The Peano's square-filling curve $p:I\to I^2$ turn's out to be Hölder continuous with exponent $1/2$ on the unit interval $I$ (a quick way to see it, is to note that $p$ is a fixed point of a suitable contraction $T:C(I,I^2)\to C(I,I^2)$, and the non-empty, closed subset of curves with modulus of continuity $\omega(t):=ct^{1/2}$ is $T$-invariant, for a suitable choice of $c$, so that $p$ is therein).

For the same reason, the more general analogous $n$-cube-filling curves $I\to I^n$ (e.g. described in the same Peano paper) are Hölder continuous with exponent $1/n$.

On the other hand, for any $1\le k\le n$, by elementary considerations on Hausdorff measures, no $\alpha$-Hölder continuous map $I^k\to I^n$ with exponent $\alpha > k/n $ can be surjective. The natural questions are therefore:

Given $1\le k\le n$, does there exist an $\alpha$-Hölder continuous map $I^k\to I^n$ with exponent $\alpha=k/n$? Otherwise, what is the best exponent $\alpha$ obtainable for such a surjective map? In particular, is there a simple construction for the case $I^2\to I^3$? (Actually, we may focus on this last question, which appears to be the simpler non-trivial case).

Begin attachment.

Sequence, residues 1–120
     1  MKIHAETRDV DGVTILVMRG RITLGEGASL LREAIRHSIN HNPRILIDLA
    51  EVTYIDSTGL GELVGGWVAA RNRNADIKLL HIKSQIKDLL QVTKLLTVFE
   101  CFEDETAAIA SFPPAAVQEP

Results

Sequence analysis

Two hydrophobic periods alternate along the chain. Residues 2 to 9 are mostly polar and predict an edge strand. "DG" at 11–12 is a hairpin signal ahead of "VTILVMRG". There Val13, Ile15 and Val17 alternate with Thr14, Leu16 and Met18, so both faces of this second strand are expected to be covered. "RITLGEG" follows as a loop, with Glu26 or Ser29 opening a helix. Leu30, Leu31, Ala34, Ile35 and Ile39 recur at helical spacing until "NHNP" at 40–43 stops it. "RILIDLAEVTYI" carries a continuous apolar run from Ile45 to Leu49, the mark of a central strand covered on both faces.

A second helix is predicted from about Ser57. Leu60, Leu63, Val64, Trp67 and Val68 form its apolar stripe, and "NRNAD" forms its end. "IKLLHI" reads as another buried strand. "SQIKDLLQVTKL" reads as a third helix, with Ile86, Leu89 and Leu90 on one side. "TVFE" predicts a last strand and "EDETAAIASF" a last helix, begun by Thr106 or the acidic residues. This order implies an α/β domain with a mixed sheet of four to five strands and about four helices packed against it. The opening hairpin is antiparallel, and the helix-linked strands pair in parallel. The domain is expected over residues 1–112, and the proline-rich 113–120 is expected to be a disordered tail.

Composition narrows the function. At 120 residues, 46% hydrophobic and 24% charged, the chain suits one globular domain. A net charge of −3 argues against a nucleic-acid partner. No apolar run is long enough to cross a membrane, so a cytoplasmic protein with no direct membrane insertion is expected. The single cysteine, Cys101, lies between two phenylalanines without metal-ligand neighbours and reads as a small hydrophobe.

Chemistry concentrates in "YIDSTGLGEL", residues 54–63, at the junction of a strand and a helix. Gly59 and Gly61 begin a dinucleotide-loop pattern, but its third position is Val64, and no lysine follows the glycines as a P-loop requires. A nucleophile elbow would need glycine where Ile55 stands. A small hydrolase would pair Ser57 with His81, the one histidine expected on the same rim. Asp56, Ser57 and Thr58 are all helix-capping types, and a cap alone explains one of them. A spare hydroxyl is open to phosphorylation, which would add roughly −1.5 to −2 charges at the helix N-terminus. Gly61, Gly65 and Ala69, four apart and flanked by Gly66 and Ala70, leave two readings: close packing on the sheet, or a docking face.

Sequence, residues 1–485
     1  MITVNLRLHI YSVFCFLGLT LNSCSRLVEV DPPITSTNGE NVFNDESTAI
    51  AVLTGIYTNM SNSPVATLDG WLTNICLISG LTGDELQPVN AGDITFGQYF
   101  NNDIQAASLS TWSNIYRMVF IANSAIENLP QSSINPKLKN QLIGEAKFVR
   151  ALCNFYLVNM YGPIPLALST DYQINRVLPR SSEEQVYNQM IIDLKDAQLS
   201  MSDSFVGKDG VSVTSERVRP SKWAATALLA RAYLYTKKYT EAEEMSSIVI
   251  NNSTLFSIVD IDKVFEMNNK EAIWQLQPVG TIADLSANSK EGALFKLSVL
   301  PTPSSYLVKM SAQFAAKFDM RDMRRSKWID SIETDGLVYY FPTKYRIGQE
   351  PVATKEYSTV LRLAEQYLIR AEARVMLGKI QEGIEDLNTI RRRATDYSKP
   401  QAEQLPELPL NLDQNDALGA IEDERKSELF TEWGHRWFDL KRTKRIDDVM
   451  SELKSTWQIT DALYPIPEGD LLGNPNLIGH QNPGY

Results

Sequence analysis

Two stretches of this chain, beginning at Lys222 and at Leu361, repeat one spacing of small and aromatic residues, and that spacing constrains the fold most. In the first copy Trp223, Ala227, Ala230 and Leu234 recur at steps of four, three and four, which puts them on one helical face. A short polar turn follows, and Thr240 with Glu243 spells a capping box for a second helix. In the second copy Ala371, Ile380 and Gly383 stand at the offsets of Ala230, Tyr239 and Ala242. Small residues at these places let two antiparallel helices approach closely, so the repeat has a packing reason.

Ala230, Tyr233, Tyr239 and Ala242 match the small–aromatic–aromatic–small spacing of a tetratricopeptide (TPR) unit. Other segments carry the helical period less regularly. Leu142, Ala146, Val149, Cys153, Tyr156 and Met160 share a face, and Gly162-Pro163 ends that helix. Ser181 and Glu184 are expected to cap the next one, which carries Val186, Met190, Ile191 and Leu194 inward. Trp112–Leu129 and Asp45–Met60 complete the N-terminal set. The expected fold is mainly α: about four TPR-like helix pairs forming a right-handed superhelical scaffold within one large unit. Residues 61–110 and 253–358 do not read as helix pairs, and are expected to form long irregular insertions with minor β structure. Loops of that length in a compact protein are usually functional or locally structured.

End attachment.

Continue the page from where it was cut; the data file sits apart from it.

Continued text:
Summing up the above remarks, the answer is affirmative if $k=1$ or if $k=n$, and we may also note that if for a pair $(k,n)$ there is such a surjective map $q:I^k\to I^n$, then the map $(x_1,\dots,x_m)\mapsto (q(x_1), q(x_2),\dots ,q(x_m))$ is also a surjective map $I^{mk}\to I^{mn}$ with the same exponent $k/n$ of $q$. Also, we may consider compositions of maps, so that affirmative answers for $(k,n)$ and $(n,m)$ imply the affirmative answer for $(k,m)$.

Update 08.01.16. *The only answer received so far suggests a nice article, yet not related with this question (the only theorem in that paper that deals with Hölder maps is Thm 2.1, but has nothing or very little to do with the present problem, since it is about $\mathbb{R}$-valued functions, that is $n=1$ (existence of Hölder functions on a metric space which map surjectively onto an interval is a non-trivial problem only for totally disconnected spaces).*